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It’s not confirmed whether the cause of the George Floyd mural’s collapse was lightning. Other cited possibilities include vandalism and the building’s old age.
Lightning can cause structural damage to brick walls.
A mural of George Floyd — painted on the exterior brick wall of a building in Toledo, Ohio— crumbled on July 13, likely after the building was hit by a bolt of lightning.
The mural was designed last summer amid the Black Lives Matter protests following George Floyd’s death. The outer layer of brick wall came down, but the rest of the building remains intact.
In response, Donald Trump Jr. took to social media to speculate that the hand of God was involved in the mural’s ruin, saying in a widely circulated reaction video that "brick walls are not good conductors of electricity" and would not "blow out usually."
In his career as a building developer, he said, he had "never heard of a brick wall getting blown out by lightning."
The three and a half minute video shows Trump suggesting that, by reducing the mural to rubble, a "higher power" may have been conveying a message to "not worship false prophets" and heroize George Floyd.
The post was flagged as part of Facebook’s efforts to combat false news and misinformation on its News Feed. (Read more about our partnership with Facebook.)
We’re not in a position to weigh in on the intentions of the divine. But the notion that bricks cannot be naturally damaged by lightning is wrong.
Toledo’s Fire and Rescue Department is attributing the cause of the collapse to a lightning strike, based on witness reports and evidence gathered from the scene. There was a severe storm in the area around the time of the collapse, and a local station’s Doppler radar also indicated that lightning struck the block that afternoon.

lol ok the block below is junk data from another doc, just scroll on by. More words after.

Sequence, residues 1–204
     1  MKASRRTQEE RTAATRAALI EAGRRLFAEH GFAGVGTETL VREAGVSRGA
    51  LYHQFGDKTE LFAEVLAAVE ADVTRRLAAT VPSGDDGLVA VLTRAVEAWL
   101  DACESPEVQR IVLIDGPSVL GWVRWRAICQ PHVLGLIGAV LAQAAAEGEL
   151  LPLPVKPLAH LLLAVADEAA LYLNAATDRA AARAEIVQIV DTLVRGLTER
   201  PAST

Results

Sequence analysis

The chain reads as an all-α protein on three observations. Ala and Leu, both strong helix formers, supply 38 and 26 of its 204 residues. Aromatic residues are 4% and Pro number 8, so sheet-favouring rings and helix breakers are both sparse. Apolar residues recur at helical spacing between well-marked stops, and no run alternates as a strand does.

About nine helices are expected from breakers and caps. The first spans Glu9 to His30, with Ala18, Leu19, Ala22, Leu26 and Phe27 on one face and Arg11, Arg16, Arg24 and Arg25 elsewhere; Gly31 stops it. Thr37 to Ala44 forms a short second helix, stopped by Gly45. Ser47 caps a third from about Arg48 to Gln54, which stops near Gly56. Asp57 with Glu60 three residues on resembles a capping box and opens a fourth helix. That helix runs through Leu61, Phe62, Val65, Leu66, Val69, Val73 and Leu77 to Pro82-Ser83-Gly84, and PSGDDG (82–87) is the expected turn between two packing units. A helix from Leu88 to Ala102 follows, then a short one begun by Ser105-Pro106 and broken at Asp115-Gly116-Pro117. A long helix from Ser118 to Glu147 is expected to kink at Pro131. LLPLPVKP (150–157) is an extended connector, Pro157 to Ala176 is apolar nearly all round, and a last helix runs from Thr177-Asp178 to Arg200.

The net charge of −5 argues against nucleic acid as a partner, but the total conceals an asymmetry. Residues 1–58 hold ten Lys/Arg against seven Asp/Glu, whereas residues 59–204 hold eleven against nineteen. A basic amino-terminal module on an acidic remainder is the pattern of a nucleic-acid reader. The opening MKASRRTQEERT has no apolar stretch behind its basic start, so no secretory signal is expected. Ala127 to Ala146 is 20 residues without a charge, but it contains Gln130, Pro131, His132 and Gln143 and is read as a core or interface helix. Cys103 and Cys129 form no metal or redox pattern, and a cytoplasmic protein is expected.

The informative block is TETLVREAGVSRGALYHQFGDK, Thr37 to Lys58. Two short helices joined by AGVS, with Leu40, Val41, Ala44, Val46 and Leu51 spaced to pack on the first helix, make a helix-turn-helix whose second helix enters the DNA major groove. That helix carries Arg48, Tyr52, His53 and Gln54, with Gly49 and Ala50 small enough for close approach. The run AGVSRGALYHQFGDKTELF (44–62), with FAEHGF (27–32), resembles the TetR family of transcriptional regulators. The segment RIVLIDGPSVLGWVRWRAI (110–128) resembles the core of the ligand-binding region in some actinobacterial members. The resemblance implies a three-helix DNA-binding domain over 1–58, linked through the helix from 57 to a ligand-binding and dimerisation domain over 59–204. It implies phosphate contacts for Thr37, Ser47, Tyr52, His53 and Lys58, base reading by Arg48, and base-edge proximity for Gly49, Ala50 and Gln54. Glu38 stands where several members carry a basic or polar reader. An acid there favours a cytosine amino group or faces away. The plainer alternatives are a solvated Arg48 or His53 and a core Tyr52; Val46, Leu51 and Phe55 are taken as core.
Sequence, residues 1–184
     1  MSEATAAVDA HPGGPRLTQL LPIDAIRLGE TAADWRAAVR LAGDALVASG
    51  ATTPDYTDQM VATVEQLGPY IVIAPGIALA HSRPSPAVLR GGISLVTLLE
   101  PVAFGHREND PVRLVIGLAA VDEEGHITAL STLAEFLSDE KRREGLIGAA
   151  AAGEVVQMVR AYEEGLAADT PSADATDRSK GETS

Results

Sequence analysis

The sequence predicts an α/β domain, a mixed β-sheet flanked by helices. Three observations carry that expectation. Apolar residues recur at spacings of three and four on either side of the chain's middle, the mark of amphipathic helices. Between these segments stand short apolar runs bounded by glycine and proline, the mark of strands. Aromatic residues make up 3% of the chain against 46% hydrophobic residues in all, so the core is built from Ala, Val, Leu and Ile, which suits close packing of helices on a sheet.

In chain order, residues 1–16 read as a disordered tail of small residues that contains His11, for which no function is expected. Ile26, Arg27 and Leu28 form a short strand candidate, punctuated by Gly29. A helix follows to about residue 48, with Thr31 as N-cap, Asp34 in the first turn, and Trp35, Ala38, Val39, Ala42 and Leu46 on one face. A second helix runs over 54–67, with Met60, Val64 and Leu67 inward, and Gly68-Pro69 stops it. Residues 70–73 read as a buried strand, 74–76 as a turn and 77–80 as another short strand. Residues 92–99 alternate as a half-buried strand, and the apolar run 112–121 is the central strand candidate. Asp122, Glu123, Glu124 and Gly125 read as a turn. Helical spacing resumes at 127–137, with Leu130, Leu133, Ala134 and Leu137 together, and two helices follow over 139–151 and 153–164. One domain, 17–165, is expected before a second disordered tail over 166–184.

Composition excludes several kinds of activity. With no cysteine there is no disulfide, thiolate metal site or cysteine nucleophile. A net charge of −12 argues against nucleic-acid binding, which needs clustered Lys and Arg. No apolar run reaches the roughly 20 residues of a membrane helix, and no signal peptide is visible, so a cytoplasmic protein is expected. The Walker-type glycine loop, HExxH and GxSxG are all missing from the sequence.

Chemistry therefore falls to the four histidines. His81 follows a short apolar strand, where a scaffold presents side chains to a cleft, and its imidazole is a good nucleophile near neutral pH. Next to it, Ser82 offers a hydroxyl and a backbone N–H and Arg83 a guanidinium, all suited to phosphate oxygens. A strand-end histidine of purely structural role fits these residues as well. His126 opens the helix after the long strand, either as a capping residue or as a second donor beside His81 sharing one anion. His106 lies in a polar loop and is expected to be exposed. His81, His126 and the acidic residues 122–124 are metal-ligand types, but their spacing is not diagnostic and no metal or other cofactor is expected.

Lightning is an electrical discharge that causes the air around it to heat and expand very quickly. Even though bricks are not electrically conductive — as Trump explained in his video — they can still be vulnerable to damage from lightning.
Martin Uman, an expert in lightning phenomena at the University of Florida, speculated that "any number of things" could make the brick wall collapse, including the vibration caused by thunder.
He explained that lightning does more damage to insulators — like brick — than to conductors, if lightning current is able to vaporize some of the insulating material, causing high pressure. The shock waves generated by a lightning bolt could cause mortar to break apart, dislodging or disintegrating bricks and causing a structure to collapse.
Other factors may also have contributed to or caused the mural’s destruction, officials said.
A city building inspector said that the wall had already been deteriorating prior to the collapse due to the building’s age. Other inspectors had found that the middle section of the wall had been bowing even before the section’s collapse. The mural’s artist has suggested that vandals may have intentionally destroyed the George Floyd memorial, though this account is unconfirmed.
Toledo Mayor Wade Kapszukiewicz told reporters that the cause of the mural’s destruction is uncertain. "It could have been an act of nature, or it could have been an act of vandalism," Kapszukiewicz said.
Trump claimed that "brick walls are not good conductors of electricity" and would not "blow out usually."
However, we don’t know for certain whether lightning caused the mural to collapse. It’s possible the outer wall of the building was already unstable, or that vandals tore the Floyd memorial down.
If lightning did strike, it’s within reason to suppose that the shock caused the brick wall to crumble.
In either case, a supernatural or divine phenomenon did not have to bring the mural down.
We rate this claim False.
Email with Dr. Martin Uman, emeritus distinguished professor in the Department of Electrical and Computer Engineering at the University of Florida
The Brick Industry Association, Technical Notes on Brick Construction
USA Today, Lightning strike? Vandalism? Ohio mayor says 'we may never know' what destroyed George Floyd mural, July 14, 2021
Twitter post, July 14, 2021
Twitter post, July 14, 2021
Facebook video, July 16, 2021
Toledo Blade, George Floyd mural in Toledo crumbles, cause disputed, July 14, 2021
CNN, Ohio mural honoring George Floyd collapses, July 14, 2021
National Severe Storms Laboratory, Severe Weather 101 — Lightning
University Corporation for Atmospheric Research Center for Science Education, Thunder and Lightning
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